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KARE 11 Investigates: Prone restraint emerges as a key Chauvin trial issue

In opening statements, the issue of prone restraint – and whether it contributed to George Floyd’s death – became a central factor in Derek Chauvin’s murder trial.

MINNEAPOLIS — In his opening statement, prosecutor Jerry Blackwell quickly focused on the length of time – 9 minutes and 29 seconds – that George Floyd was held prone, face down, in the street.

“Citizens who are under arrest should never be put in the prone position except only momentarily to get them under police custody or control,” he told the jury.

Prone position – or prone restraint – is about as common in policing as a badge or a gun. It involves getting someone to the ground and cuffing them, face down, with their arms behind their back.

Blackwell said the prosecution plans to call experts and show evidence they believe will prove that Floyd was held far too long in a position that often interferes with breathing.

The prosecution argues that former Minneapolis officer Derek Chauvin knew the position was dangerous – even deadly.

“The dangers of the prone position – putting people face down on the ground – have been know about in policing for over 30 years,” Blackwell said.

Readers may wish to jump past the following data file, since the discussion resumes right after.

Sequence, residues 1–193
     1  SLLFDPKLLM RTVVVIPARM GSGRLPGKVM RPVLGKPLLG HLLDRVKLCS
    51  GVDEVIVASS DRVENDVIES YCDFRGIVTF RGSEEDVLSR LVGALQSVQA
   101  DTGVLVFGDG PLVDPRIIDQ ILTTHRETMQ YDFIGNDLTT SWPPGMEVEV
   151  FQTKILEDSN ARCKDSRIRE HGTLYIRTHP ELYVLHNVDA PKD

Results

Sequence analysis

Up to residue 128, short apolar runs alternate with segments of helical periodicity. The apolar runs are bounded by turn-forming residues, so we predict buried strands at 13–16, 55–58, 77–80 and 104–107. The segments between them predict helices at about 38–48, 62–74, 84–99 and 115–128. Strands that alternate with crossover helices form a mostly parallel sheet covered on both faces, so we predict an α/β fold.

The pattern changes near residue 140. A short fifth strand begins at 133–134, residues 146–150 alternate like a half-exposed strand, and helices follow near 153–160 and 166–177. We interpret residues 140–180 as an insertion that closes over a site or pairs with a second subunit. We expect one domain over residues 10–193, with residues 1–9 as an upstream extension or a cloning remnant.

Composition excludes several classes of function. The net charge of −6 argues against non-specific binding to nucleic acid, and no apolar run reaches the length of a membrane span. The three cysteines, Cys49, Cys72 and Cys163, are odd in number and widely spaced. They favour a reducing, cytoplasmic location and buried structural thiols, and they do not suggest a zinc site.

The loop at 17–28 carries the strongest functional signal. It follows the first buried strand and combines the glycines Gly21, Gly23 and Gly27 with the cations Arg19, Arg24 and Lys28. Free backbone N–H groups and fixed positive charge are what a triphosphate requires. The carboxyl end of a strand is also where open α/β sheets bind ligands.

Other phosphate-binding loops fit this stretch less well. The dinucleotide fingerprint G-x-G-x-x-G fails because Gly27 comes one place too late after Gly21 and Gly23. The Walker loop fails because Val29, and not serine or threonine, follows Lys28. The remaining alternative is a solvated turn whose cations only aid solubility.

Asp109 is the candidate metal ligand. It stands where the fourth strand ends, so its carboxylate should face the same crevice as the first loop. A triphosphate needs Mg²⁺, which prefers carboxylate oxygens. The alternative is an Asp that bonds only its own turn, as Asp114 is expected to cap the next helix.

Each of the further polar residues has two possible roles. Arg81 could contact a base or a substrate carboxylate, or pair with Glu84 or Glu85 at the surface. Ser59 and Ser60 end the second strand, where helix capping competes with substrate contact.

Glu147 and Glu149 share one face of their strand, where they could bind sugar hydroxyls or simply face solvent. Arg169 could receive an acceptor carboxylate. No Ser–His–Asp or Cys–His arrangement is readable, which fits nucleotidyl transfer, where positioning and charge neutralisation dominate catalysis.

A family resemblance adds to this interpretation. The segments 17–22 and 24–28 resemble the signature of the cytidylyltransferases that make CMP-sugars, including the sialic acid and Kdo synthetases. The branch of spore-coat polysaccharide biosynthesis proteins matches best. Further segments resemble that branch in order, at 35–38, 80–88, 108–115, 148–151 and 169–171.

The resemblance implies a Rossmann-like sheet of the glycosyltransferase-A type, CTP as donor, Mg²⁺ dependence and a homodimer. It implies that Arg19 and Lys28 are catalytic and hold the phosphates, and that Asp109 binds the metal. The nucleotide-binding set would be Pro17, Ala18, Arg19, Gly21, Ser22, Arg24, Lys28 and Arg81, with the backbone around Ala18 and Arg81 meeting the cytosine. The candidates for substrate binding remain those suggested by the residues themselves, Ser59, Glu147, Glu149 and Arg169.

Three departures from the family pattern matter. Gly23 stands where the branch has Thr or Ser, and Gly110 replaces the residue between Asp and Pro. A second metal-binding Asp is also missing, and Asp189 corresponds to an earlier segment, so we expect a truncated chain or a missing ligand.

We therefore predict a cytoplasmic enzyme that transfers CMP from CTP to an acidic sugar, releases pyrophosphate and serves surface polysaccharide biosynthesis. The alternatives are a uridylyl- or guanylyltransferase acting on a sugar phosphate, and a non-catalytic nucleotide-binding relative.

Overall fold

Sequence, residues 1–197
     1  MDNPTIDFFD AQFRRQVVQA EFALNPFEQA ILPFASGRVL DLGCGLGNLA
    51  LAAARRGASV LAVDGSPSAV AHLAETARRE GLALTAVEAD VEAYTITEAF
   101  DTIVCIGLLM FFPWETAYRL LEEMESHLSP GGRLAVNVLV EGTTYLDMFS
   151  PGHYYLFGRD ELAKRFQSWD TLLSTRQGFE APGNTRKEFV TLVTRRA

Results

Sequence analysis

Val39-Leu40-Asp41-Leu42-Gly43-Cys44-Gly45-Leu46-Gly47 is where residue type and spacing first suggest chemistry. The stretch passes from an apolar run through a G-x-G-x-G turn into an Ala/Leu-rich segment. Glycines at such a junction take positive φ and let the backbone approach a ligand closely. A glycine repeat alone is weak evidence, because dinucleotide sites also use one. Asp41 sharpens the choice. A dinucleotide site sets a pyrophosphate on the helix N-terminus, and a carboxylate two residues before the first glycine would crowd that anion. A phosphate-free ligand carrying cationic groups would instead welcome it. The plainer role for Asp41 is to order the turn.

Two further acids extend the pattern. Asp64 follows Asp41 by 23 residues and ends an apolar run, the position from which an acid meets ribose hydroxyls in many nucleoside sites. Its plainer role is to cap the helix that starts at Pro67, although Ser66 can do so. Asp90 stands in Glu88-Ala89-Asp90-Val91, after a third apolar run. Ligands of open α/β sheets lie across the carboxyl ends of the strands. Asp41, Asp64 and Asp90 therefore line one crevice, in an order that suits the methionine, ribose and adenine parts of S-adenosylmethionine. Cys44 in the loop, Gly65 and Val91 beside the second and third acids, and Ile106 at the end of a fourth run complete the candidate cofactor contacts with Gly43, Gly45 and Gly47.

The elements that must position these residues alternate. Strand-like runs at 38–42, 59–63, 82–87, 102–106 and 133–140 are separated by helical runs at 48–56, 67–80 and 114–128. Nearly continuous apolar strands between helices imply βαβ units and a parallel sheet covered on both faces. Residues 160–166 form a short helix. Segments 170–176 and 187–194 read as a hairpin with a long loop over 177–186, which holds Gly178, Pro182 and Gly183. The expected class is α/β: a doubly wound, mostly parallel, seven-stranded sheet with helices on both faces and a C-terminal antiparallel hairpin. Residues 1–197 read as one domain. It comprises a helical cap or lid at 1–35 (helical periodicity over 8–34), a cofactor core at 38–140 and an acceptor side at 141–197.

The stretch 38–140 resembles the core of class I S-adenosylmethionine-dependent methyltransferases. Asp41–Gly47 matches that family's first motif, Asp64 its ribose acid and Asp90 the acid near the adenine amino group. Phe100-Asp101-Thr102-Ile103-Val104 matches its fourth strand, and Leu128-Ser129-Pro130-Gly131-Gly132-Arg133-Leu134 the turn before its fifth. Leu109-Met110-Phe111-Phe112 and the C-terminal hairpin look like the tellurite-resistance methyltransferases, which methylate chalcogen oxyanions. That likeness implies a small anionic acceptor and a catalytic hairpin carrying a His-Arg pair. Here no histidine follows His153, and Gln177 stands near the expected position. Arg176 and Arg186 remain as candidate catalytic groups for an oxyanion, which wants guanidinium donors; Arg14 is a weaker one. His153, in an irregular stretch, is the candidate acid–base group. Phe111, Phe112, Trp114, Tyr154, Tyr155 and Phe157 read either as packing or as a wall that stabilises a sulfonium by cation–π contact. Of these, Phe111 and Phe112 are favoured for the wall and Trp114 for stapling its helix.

In his opening statement, defense attorney Eric Nelson told jurors that prone restraint was not the cause of Floyd’s death.

Instead, Nelson promised to show the jury evidence of Floyd’s past drug abuse, high levels of opioids found in his blood during an autopsy, and his underlying medical conditions.

Nelson told the jury the autopsy performed by Hennepin County Medical Examiner Dr. Andrew Baker failed to find any evidence that Floyd died of asphyxiation.

“Dr. Baker found none of what are referred to as the tell-tale signs of asphyxiation,” Nelson said. In fact, he said the pressure on Floyd’s neck was not even enough to cause bruising.

“There were not bruises to Mr, Floyd’s neck – either on his skin or after pealing his skin back to the muscles,” he told the jury.

Chauvin’s defense attorney submitted an exhibit before trial showing a photo from a 2018 Minneapolis Police Department training manual which shows an officer placing his knee on a subject’s neck and shoulders.

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Nelson claimed Chauvin did just as he had been trained.

A key issue may be what Chauvin did – or didn’t do – next.

For than two decades ago, a bulletin from the U. S. Department of Justice warned law enforcement that “as soon as the suspect is handcuffed, get him off his stomach” because of the “risk of positional asphyxia.”

A joint investigation by KARE 11 and TEGNA stations nationwide identified more than 100 deaths since 2010 involving prone restraint.